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Home News Power Sector News 37 percent power tariff hike in Tamil Nadu

37 percent power tariff hike in Tamil Nadu

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TNERCAfter nearly a decade of dodging tariff hike, the Tamil Nadu government has taken the bold step to increase cost of power to bail out the debt-ridden Tamil Nadu Electricity Board (TNEB) and ensure consumers shared a bit of its burden. While successive governments pursued a vote-bank policy to spare consumers, the 37% increase in power costs across various slabs, guaranteeing Rs 29,347 crore revenue, has set a precedence of sorts. With no administrative reforms in place and no funds to initiate fresh projects, the ailing board has been struggling to close the growing demand-supply gap. While the hike is bound to cause angst among consumers, from small to high-end domestic consumers and low to high tension industrial users, the decision was long-pending.

 Justifying the move, electricity minister Natham R Viswanathan told TOI, "Even after this hike, the board will continue to remain a loss-making unit". He added that the state energy regulatory commission was a statutory body and the state had no say in its decision. "I believe the decision has been taken after considering the losses incurred on transmission and distribution," he said.

While hiking the bus fares and price of milk in November last year, chief minister J Jayalalithaa indicated that a power tariff hike was also in the offing. Barely a few hours after the announcement hit TV channels, there were rumblings of discontent. "I am already paying more than Rs 3,000 for electricity bill especially during the summer months. This hike will be an additional burden", said a George Town resident S Amudhavali. As her house is located in a small, dingy lane, she is forced to use lights and fans for more than 15 hours every day. And, with the hike causing a ripple effect, residents will be under pressure to draw up tighter budgets and change their lifestyles.

The power tariff hike is bound to have an impact on costs of commodities and services. "There is an imperative need to generate more power as the tariff hike will have a spiraling effect on manufacturing costs of various products," said CPM MLA K Balakrishanan. The issue is expected to kick off a high-decibel debate in the ongoing assembly session. The hike has come as a rude shock for ailing industries. Textile mills say the state would become totally uncompetitive for new investments in the industry with the Rs 1.50 per unit hike in power tariff for high-tension (HT) consumers. No other state has increased the tariff to this extent at one shot and the proposed tariff will be the highest in the country for HT consumers, said S Dinakaran, chairman, Southern India Mills' Association (SIMA).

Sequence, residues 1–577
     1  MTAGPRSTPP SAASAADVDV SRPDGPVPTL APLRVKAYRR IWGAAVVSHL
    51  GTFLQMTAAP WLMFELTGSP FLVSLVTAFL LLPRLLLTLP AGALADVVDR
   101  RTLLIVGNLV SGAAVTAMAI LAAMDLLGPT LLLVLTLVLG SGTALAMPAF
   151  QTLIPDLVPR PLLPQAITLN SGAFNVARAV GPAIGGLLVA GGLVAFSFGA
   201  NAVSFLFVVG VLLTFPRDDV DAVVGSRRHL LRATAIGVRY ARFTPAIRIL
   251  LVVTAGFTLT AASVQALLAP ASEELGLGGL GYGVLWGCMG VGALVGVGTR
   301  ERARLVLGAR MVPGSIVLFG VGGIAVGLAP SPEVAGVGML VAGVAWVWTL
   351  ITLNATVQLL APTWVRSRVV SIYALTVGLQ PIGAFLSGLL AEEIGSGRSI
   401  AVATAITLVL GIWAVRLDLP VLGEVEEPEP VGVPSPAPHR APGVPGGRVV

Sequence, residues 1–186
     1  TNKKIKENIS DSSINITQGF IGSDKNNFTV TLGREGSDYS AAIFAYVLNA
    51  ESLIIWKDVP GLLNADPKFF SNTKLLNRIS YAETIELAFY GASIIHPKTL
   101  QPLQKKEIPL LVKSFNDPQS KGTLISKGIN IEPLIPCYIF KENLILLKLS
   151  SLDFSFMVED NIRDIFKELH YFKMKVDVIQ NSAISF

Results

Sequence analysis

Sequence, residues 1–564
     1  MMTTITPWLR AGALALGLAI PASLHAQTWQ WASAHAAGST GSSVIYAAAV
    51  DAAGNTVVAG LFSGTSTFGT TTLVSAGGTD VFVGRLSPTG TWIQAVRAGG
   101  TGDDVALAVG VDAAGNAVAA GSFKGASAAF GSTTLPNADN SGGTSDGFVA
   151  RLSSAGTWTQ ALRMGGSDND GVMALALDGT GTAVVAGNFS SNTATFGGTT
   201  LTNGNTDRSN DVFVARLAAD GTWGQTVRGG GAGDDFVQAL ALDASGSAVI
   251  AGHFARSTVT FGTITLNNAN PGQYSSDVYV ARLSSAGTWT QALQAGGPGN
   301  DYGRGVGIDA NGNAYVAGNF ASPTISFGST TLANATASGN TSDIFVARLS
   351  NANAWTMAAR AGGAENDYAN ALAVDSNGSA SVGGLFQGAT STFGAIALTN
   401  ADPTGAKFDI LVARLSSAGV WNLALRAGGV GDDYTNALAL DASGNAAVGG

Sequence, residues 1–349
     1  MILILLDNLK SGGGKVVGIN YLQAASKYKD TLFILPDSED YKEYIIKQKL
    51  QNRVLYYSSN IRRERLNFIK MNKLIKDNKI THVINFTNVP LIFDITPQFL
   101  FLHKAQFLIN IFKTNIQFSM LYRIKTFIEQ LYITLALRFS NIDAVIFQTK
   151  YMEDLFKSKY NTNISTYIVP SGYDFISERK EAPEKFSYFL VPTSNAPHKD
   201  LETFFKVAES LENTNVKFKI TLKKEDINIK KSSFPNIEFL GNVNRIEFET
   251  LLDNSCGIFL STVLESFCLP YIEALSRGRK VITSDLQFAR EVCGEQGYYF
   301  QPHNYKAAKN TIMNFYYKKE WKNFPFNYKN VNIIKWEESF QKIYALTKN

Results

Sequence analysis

If anybody raised a toast to 37% tariff hike announced by the Tamil Nadu Electricity Regulatory Commission (TNERC) on Friday it had to be the state's power managers. The increase in revenue due to the hike in power charges is expected to bridge the income-expenditure gap of the Tamil Nadu Electricity Board (TNEB).

The board's current annual expenditure is around Rs 31,000 crore and its revenue is around Rs 23,000 crore. The hike is expected to bring in around Rs 8,000 crore, to bridge the deficit. "The hike will help us break even. But we will have to seek help from the government to pay our debts accumulated over the years," a senior TNEB official said. The board has accumulated losses of Rs 40,300. The board submitted to TNERC a projected deficit of Rs 14,000 crore for 2012-13. The commission, after due scrutiny, whittled the figure down to around Rs 8,000 crore. "Several power projects are coming up, including in North Chennai, Mettur and Kudankulam," a TNERC official said. "This will reduce power purchase at high cost and bring down expenditure."

The board will earn additional revenue of around Rs 5,300 crore from the low-tension category, out of which Rs 1,700 crore will be from domestic consumers. High-tension consumers will bring the power utility Rs 2,600 crore extra. Apart from approving the tariff hike, the commission has also asked the board to save money by reducing transmission and distribution losses. "We have been asked to monitor power use for agriculture and hutments that get free electricity. There are nearly 22 lakh agricultural and 15 lakh hutment connections that do not have meters. We need to know how much power they consume," the official said.

They have been asked to instal meters for these connections by September. "We have told the commission that this would involve additional expenditure and we will require more staff. We need at least 5,000 men to monitor the readings. New meters will cost Rs 1,000 crore and salaries and other benefits will mean additional expenditure of Rs 40 crore," another TNEB official said.

Tamil Nadu has much lower power charges than its neighbouring states as it has remained untouched for almost 10 years. The only recent spike in tariff came in 2010 for certain segments like cinema theatres and commercial establishments. Through this it earned an additional Rs 1,700 crore, the board was still left with a deficit of nearly Rs 8,000 crore due to recovery of dues, a government official said.

Source- Times of India


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